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School's Out for Summer

But the opportunities never stop.

Photo: Jeremy Moffett, '16

HOMELAND TO HOLOCAUST: Wulfovich will travel to learn more about her family history.

By Sam Scott

Ah, summer vacation. Three months for new adventures, internships and geographies; money-making opportunities and chances to simply play it cool. We asked around to learn how 10 Stanford students are spending their summers. Their responses could make a working stiff green with envy.

SHARON WULFOVICH, ’17, undeclared: Wulfovich is spending the summer on a pair of trips tied to her culture and religion. First, she'll visit Israel with members of Hillel at Stanford. Then it's on to Poland, a trip sponsored by the country’s government, where she’ll learn how country and society moved on from the Holocaust. It will be a study in contrasts, she says, going from the Jewish homeland to a place where much of her family was exterminated. At Auschwitz II, she’ll pay respects at barrack No. 9, where her grandfather endured the horrors of the Nazi death camp. “It’s very important to see what he went through and understand,” she says.

ISABEL ARJMAND, ’16, management science and engineering: Next year, she may take a resume-buffing research position. But after much debate, she decided this was the moment for a road less travelled. In July, Arjmand will embark on a two-day journey to the island nation of Mauritius, 1,200 miles off the coast of Africa, where she will teach English. For someone interested in education, it gives her the chance to lead a classroom. Of course, she could have done that closer to home—or in China, where she also had a teaching opportunity. But she can imagine visiting China later in life, she says. Living with a family on an island in the Indian Ocean? Not so much. “I feel like this was the summer to try something different.”

Katrina Zamudio
Photo: Jeremy Moffett, '16
NEW HEIGHTS: Zamudio will collect water and gas samples in Tibet.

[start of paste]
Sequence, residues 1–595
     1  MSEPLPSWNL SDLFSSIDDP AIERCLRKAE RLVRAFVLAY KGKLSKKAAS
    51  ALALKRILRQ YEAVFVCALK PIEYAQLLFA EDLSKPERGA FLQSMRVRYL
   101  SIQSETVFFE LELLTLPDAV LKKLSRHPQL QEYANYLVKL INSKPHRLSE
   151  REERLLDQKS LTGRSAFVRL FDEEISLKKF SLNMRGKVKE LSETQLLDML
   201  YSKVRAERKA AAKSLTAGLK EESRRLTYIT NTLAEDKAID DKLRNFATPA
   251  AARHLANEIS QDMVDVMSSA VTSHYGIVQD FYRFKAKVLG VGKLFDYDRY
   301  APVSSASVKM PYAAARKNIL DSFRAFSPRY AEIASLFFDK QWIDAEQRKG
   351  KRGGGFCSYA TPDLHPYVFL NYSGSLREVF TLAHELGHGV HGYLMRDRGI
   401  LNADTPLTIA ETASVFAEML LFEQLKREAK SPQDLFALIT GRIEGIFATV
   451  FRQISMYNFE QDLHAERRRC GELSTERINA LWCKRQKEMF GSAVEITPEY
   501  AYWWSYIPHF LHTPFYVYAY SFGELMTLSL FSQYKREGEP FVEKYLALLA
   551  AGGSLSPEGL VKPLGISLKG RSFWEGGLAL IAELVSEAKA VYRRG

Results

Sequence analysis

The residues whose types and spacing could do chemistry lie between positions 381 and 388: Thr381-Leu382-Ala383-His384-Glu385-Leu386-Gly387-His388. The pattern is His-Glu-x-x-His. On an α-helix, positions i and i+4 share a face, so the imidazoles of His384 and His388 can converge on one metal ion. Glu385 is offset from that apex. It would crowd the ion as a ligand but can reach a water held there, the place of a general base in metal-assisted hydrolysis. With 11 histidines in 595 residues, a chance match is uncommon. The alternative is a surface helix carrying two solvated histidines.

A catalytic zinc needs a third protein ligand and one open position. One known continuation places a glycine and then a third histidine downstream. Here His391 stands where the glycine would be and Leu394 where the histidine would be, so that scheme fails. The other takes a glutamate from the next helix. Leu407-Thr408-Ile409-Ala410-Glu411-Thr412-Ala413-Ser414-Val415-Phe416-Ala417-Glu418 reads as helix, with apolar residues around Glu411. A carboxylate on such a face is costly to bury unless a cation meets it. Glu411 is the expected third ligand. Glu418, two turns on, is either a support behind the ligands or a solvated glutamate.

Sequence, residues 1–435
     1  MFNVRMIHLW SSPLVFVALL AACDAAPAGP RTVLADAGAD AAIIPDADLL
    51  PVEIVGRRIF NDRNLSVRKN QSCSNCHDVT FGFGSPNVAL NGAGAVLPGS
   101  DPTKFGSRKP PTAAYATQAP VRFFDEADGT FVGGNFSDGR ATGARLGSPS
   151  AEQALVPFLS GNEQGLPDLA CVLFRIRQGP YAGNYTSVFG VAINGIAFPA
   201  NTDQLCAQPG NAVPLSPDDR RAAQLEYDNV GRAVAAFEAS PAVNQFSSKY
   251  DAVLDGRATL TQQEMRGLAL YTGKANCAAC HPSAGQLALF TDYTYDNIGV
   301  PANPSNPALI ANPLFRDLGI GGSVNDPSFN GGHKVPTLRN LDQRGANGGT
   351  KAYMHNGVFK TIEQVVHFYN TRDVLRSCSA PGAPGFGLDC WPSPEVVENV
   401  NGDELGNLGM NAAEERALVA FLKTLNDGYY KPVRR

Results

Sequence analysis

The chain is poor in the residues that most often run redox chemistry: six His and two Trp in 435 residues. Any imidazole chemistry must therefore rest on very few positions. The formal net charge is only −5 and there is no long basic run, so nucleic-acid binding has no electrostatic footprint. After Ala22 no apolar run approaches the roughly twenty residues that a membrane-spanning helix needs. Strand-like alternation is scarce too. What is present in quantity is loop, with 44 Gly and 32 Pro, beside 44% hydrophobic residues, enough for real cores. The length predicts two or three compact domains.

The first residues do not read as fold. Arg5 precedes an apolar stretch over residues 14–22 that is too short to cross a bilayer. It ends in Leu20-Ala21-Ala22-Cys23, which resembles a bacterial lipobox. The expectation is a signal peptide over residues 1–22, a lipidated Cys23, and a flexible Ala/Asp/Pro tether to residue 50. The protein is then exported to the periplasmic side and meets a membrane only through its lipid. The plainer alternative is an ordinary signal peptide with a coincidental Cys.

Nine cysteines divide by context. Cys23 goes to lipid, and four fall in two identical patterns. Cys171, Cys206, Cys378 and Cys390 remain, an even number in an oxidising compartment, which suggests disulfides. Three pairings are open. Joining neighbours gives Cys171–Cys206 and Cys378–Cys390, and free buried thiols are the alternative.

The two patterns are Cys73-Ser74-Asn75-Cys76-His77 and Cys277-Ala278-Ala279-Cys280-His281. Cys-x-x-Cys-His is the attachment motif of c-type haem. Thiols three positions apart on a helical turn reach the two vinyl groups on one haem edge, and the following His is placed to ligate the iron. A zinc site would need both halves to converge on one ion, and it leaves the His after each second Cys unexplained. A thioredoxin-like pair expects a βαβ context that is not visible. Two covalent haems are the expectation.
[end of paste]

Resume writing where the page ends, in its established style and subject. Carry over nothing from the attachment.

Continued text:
CHRISTIAN ANGULO, ’14, political science: After a family cruise in the Caribbean, Angulo will spend the summer living on campus and working as student manager and guide at the Visitor Center while knuckling down for the LSAT in September. It’s a perfect way to study while enjoying one last stint at the job he’s held and loved for years: Summer tour groups can number into the hundreds. “Should be fun times,” he says.

KATRINA ZAMUDIO, ’14, geology: Zamudio’s first trip overseas will take her far from the beaten path. Ahead of her co-term in geophysics, she’ll head to Tibet to collect water and gas samples for her thesis. At average altitudes of nearly 15,000 feet with plenty of hiking, the trip will present challenges even for an outdoorsy Coloradoan. So, too, will the diet. Her advisor warned her vegetarianism could be impossible to maintain during the trip. On a funded trip for her master’s research, she’s willing to compromise, even if it means eating yak.

MARIE MILLER, ’14, archeology: After working spring quarter to get certified in First Aid, CPR and advanced open-water SCUBA diving, Miller heads to the southeast coast of Sicily to work on a Stanford excavation of a Byzantine shipwreck. It will be a far cry from her previous fieldwork—on land sites—near her home in Maryland. There she was often dealing with discarded and scattered items. In Italy, she’ll be surveying an entire scene no soul intended to leave: “It’s more of snapshot in time.” Her word to the wise: Few undergrads know you don’t have to be a budding archeologist to join the department’s summer trips around the world. Anyone can apply.